The room becomes quiet and so do we. I close my eyes and rest my head against the wall. This room is the safest place we have, and yet even these walls have started to betray us. I touch my index finger and thumb to the ring on my left hand and turn it around and around. For a brief second, I try to pull it off, but my hands are swollen from the heat, so it remains unmoved at the base of my finger.

There had been no choice that brought us here. And there was no shame hidden in the corners of the room. We’d come here a thousand times before with smiles on our faces and joy in our hearts. Stories had been told, secrets had been shared. I’d showed him my ring before anyone else and he’d hugged me as I jumped up and down.

He’d slept here on long nights and I’d found him in the morning, smiling and eating a store-bought breakfast. We’d all eaten dinner here. All four of us. And we’d laughed and drank and thanked God for the life we all shared. But then the clouds came. Seemingly overnight. They threatened rain and then followed through and we couldn’t decipher how it felt when it hit our skin. We just stood in the middle of the storm and looked at each other, quiet.

He puts his guitar down and puts his face in his hands. It was 1 a.m. now and we’d both been here for over 6 hours. I try to find something, anything to say, but nothing comes.

He taps his foot. First slow, then quicker, and quicker, until suddenly he stomps his foot loud against the carpet floor. I expect his voice to be loud, angry, but when looks up at me and starts to speak, it’s barely more than a whisper.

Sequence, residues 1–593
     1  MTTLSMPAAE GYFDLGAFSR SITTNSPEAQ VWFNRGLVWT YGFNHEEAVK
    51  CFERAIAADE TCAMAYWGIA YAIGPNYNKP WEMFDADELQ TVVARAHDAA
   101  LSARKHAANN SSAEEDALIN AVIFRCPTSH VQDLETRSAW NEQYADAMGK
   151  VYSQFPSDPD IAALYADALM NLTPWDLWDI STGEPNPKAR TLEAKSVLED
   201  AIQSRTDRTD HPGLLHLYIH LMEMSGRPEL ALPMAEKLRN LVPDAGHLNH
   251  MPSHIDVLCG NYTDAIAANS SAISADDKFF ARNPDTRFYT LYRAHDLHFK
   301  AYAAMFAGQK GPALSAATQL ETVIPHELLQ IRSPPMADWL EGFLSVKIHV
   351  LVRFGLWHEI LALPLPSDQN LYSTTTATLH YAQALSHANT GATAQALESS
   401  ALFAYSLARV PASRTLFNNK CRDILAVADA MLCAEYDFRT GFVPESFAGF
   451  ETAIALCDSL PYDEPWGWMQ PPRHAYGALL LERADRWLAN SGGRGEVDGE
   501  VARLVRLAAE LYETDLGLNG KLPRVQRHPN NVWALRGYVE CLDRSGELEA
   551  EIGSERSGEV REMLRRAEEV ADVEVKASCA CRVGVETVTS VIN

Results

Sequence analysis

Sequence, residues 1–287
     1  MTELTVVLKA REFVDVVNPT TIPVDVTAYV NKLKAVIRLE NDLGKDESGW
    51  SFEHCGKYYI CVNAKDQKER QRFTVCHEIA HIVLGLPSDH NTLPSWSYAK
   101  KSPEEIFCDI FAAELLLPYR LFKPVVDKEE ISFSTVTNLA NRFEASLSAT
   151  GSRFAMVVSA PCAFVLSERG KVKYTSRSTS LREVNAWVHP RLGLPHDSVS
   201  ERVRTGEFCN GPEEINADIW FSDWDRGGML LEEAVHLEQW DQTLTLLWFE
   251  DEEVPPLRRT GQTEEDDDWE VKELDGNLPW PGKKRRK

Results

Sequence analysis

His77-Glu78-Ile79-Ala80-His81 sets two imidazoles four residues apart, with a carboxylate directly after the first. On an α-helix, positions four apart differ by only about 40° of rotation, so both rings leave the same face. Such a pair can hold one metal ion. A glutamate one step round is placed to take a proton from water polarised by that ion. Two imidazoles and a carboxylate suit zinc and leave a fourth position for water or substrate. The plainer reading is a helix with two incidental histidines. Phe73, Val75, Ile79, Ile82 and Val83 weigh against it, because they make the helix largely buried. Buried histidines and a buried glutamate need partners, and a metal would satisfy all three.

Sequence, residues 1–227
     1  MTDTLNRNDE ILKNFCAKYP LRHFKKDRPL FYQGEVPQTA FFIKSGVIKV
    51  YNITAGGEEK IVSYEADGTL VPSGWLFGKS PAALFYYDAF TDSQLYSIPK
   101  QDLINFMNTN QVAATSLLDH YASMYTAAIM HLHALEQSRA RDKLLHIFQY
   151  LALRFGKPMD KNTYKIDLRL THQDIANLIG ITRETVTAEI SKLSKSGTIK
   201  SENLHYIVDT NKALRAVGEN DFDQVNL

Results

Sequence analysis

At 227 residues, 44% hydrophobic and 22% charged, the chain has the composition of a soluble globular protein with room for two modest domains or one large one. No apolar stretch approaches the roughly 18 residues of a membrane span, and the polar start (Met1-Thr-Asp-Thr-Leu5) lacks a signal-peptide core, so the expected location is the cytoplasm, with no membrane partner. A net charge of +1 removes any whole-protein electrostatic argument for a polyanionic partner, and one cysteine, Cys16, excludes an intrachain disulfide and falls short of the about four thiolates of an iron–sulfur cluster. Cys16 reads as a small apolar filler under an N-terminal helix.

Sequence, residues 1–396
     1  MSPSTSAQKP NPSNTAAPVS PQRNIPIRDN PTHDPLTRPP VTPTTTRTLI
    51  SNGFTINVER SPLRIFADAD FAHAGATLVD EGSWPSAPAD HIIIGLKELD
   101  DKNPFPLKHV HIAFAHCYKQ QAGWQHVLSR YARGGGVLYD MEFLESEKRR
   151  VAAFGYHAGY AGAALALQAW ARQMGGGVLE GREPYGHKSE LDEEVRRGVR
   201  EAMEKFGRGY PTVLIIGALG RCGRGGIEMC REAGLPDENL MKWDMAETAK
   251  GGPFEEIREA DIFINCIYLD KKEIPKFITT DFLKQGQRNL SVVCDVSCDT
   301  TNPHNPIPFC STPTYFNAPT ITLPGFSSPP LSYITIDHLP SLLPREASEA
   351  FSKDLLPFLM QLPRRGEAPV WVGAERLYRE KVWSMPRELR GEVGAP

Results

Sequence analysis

“What am I supposed to do?” he asks calmly. “What am I supposed to do if I’m in love with you?”

I let the words hit me. They sink into my skin and fatigue my muscles and sicken my stomach. We’d never spoken of it. We’d always left it buried along with that gray sky look we shared that night almost a year ago. I can still picture his face, and often do in the moments just before I fall asleep, but I’ve never said a word and neither has he, until now.

I shake my head with guilt, then speak from the heart, for they are the two truest creatures I own.

“I think we’ve both been in that boat for quite a while now,” I say quietly.

“So, what do we do about it?”

I shake my head again and then shrug my shoulders. “Keep rowing?”

He laughs at this and I laugh at him. My heart swells and the room glows again. The sun begins to rise and goosebumps run down my skin from its warmth. How could I leave here? How could I go back now? But then I feel the weight of the ring on my finger and I’m met with the truth again. How could I stay here? How could we ever?

I shake my head again, this time with my eyes closed. When I open them he’s looking at me with those sad eyes. The ones that ask and understand at the same time.  The clouds roll back in and I shiver. Suddenly there’s a knock at the door and I can hear their voices outside. Hers that is his, and his that is mine. Soon it would be the four of us again and this room would no longer be safe.

He looks at me and the rain begins to flood the room. I want to cry; to let the rain mix with my tears and wash it all away, but I know I can’t. He stands up and walks towards me and I let him take me in his arms.

“We’ll keep rowing,” he says, “even when the night changes.”

I nod into his arms, holding back the tears, and take a deep breath. He lets me go and walks to the door. When he opens it, the truth escapes into the night and I’m left standing in the middle of the rain, waiting.

Listen the song here.